The Red Sox opened their 2016 home campaign against the 5-0 Baltimore Orioles with David Price on the hill, but, much like this year’s Celtics before them, failed to end a record season-opening winning streak (in this case, the Orioles’ now 6-0 start is best in team history) — but they sure did make it interesting.
Top play (WPA): One plate appearance after failing to successfully bunt on a 3-1 count, inflaming the potentially overcaffeinated parts of Red Sox Twitter, Jackie Bradley Jr. poked a strange soft liner down the left-field line that Mark Trumbo was unable to reach in time — Trumbo being unable to track down fly balls being a theme of the game — and the ball plunked the ground and bounded over a relatively high part of the left field fence for a ground-rule double. The ‘oopsie’ hit sent Brock Holt across the plate and Blake Swihart to third base, from where he would score on a Betts fielder’s choice (a play on which JBJ would be thrown out at third, earning him a rebuke from a visibly exasperated Torey Lovullo in the dugout, but let’s focus on the good parts — the bad parts are coming in the next sentence.)
Bottom play (WPA): Unsurprisingly, Chris Davis’ three-run homer off of Craig Kimbrel in a tied top of the ninth swayed the game pretty decisively in the Orioles’ favor. Davis murdered the ball, sending it out of center field with an exit velocity of 111 miles per hour, which is pretty good.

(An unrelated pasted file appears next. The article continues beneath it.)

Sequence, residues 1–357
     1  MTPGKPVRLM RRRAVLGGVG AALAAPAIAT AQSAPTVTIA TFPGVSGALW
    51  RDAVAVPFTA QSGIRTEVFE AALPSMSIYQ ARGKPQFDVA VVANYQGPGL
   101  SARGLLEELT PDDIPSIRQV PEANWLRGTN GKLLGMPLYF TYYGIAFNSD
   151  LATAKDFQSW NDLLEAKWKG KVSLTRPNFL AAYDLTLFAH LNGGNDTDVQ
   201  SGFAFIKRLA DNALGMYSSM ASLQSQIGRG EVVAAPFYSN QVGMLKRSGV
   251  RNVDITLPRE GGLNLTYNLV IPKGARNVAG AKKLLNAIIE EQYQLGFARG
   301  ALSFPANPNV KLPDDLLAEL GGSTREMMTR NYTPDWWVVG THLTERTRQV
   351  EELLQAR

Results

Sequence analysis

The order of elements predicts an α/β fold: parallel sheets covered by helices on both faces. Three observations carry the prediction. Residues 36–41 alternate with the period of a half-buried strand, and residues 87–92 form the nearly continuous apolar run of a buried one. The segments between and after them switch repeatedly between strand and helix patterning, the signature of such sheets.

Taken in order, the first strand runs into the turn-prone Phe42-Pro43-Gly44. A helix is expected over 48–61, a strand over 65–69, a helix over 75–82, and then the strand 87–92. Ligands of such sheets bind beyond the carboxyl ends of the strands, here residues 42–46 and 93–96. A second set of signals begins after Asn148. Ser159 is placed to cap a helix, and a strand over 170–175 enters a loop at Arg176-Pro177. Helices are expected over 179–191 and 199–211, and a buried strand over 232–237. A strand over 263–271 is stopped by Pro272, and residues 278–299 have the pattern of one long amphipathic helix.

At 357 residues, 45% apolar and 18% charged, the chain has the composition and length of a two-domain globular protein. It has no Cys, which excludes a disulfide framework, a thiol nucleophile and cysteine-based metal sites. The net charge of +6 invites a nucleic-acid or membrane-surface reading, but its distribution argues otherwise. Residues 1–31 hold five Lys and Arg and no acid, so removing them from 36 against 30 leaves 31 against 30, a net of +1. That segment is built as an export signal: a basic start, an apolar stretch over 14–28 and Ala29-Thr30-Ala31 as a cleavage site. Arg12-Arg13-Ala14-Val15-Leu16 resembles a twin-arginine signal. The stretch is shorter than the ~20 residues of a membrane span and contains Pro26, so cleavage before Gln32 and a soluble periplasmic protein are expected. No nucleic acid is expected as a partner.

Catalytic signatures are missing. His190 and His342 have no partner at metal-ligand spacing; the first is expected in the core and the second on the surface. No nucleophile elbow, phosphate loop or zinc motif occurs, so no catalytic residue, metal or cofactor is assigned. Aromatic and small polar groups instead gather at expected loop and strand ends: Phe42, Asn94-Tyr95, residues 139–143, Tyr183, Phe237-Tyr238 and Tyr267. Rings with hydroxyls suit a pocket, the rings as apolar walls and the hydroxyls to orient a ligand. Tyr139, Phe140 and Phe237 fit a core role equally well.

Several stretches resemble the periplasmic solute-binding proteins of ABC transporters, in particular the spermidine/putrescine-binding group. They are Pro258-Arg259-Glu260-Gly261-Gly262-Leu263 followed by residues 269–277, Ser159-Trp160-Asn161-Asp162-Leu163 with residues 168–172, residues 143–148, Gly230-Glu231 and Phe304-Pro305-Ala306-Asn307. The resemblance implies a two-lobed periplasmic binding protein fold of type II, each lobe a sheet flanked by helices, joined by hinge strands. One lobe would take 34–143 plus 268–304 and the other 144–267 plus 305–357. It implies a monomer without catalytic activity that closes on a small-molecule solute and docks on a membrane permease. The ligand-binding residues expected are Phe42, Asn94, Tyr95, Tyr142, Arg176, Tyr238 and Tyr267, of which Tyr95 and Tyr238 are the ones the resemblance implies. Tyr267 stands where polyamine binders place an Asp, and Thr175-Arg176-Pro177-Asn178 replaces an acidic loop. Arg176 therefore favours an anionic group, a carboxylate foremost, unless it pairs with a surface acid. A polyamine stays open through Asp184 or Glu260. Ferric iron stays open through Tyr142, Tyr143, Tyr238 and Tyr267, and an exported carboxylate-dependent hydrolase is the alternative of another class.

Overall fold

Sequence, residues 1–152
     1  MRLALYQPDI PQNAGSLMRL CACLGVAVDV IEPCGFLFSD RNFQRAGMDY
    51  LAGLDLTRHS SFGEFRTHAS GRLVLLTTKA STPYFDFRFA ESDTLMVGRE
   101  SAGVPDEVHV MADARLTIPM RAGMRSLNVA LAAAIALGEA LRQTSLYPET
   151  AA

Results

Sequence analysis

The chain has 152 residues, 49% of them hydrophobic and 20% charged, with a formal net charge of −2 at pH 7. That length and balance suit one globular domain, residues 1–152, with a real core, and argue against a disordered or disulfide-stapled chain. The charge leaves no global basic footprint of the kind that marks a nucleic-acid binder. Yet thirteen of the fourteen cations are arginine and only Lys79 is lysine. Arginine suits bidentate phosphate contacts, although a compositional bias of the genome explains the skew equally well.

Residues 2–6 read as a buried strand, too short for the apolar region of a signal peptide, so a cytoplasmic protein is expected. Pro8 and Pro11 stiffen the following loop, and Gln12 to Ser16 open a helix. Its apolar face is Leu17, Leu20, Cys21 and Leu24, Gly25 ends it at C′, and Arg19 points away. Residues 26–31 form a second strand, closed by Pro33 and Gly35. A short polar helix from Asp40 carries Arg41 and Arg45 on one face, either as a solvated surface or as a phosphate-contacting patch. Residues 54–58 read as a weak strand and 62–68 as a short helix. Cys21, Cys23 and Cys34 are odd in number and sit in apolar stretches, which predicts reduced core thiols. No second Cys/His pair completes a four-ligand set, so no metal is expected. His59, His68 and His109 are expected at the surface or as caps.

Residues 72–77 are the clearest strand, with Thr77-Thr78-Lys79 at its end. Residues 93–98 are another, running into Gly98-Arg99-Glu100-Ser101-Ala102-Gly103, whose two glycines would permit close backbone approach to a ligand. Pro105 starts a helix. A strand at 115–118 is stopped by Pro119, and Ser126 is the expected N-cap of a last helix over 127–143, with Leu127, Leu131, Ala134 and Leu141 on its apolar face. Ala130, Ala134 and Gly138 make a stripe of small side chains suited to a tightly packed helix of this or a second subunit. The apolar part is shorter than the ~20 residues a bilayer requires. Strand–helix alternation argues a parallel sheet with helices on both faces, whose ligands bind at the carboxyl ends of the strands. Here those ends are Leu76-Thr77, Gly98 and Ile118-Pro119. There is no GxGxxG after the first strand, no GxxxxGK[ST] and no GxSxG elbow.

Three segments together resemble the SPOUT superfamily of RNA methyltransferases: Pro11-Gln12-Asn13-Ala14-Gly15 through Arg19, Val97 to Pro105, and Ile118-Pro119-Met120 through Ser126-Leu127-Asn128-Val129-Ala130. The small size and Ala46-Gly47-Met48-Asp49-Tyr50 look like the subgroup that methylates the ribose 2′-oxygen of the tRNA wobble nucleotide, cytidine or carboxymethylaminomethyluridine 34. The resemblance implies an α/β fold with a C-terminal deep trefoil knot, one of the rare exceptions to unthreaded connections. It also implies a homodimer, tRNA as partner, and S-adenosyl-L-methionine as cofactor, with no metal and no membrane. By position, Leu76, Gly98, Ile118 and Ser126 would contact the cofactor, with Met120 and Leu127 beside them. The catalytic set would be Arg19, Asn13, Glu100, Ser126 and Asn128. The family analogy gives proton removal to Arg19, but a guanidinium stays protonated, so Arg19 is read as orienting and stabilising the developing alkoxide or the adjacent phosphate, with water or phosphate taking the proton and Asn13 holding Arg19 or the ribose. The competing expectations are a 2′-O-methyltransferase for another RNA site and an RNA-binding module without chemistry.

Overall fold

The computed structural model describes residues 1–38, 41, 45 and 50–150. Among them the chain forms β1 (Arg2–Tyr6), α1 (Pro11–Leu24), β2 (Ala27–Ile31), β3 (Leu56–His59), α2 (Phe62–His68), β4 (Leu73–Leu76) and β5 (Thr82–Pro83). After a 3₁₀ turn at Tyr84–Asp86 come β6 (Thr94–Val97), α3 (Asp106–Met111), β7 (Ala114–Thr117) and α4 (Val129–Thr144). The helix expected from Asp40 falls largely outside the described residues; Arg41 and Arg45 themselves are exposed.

Chris Davis just crushed that ball, projected distance 426. Exit velocity of 111 MPH. Only 2 of his HRs were hit that hard last year.
— Daren Willman (@darenw) April 11, 2016
Key moment: With no outs, two men aboard and the team down two in the bottom of the ninth, David Ortiz grounded into a double play that was close enough at first for John Farrell to challenge the ruling, but it was upheld. In this writer’s opinion, it would have been better if Ortiz hit a walk-off home run in his final home opening day, but it was not to be. Maybe next year.
Trend to watch: Hanley Ramirez might be a good first baseman? A week into the grand experiment, he’s been scooping balls that are by no means gimmes and snapping throws like he’s been living at the cool corner his whole career. It would be an understatement to call it a resounding success so far, and at this point he has acquitted himself more or less perfectly, save for a couple of slow rotations on cutoff throws. It’ll play.
Eye on Papi: Big Papi’s daughter sang the national anthem, and he clearly didn’t know it was going to happen. It was as sweet as Ortiz is awesome, so it was pretty damn sweet.
Coming next: Red Sox No. 2 starter and chaos incarnate Clay Buchholz faces Orioles righty Mike Wright, of whom I had never heard before researching this sentence but according to the internet is 6’6”, which is pretty tall. For the almost painfully decrepit Baltimore rotation, I suppose they’ll take their jollies where they can get them. Outside of, you know, winning every game.
Photo by David Butler II/USA Today Sports Images